In order to create room for additional iron ore mining in the area, a 46,000-year-old holy Aboriginal site in Western Australia has recently been destroyed.
A spokeswoman for the mining corporation Rio Tinto informed ABC News on May 26 that a blast with exploded explosives last weekend damaged the Juukan Gorge 1 and 2 rock shelter caves, two locations of enormous cultural and historical significance.
On the west Hamersley Plateau, two ancient shelters were discovered about 60 kilometers (37 miles) north-west of Mount Tom Price. Ngaarda Media claims that prior archaeological research demonstrates that Aboriginal people initially lived in the caves around 46,000 years ago, making them some of the oldest inhabited caves on the plateau.
A great trove of important items, including tools and sacred objects, dating back as far as 28,000 years ago was discovered during an excavation of the shelters in 2014. The cave’s discovery of a 4,000-year-old human hair lock was the most remarkable of all. The Puutu Kunti Kurrama and Pinikura (PKKP) people, the current traditional owners of the land, are descended directly from the people who lived in these caves thousands of years ago, according to genetic study of the hair.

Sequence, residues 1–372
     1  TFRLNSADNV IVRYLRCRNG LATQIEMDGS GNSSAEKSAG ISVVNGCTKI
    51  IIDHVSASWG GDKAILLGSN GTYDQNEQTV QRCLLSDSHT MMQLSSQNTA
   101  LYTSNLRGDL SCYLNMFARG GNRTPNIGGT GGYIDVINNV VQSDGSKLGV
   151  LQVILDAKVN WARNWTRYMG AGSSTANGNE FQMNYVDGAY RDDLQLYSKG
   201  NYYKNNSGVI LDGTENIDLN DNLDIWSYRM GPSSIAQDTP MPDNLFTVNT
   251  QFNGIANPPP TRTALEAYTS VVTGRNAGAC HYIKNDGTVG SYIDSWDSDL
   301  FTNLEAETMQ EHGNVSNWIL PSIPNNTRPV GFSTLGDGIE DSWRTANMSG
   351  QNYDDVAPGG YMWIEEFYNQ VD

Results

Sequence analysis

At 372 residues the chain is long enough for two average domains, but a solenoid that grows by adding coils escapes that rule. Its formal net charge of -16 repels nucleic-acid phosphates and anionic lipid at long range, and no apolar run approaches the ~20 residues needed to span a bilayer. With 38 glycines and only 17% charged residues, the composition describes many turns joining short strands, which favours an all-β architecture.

The destruction of the caverns is an unthinkable blow given the significance of legacy in the culture of the PKKP people.
“It is awful. And it’s quite upsetting to learn that the ancient sites have been destroyed and that the Puutu Kunti Kurrama and Pinikura people have a close relationship to that location. According to Burchell Hayes, a director of PKKP Aboriginal Corporation and a member of the Kurrama Land Committee, there is where our ancestors once lived in that region.
“It’s incredibly, really difficult to accept that — it’s gone.” “.
According to the 1972 Aboriginal Heritage Act, which was written to favor mining opportunities, permission for the demolition was given by the Minister for Aboriginal Affairs in 2013. The Act, which is now 48 years old, has drawn flak for being out of date and insensitive to Aboriginal issues. According to the Act, the Aboriginal Cultural Material Committee must be consulted before beginning any operation that would harm or destroy an Aboriginal site. A right of appeal against a committee decision does not exist, however, nor is it mandated by law that an Indigenous person serve on the committee.
The global mining corporation that caused the damage, Rito Tinto, has justified its conduct. The business released a statement, as reported by AFP: “2013 saw the granting of ministerial approval for Rio Tinto to carry out work at the Brockman 4 mine that would affect the Juukan 1 and Juukan 2 rock shelters. Under the terms of the agreement, Rio Tinto has cooperatively worked with the PKKP people on a variety of heritage-related issues, and has, if possible, adapted its activities to prevent historical effects and to safeguard locations having special cultural significance to the group.”
In an effort to avoid scenarios like this from happening again, the Aboriginal Heritage Act of 1972 is currently being reviewed.
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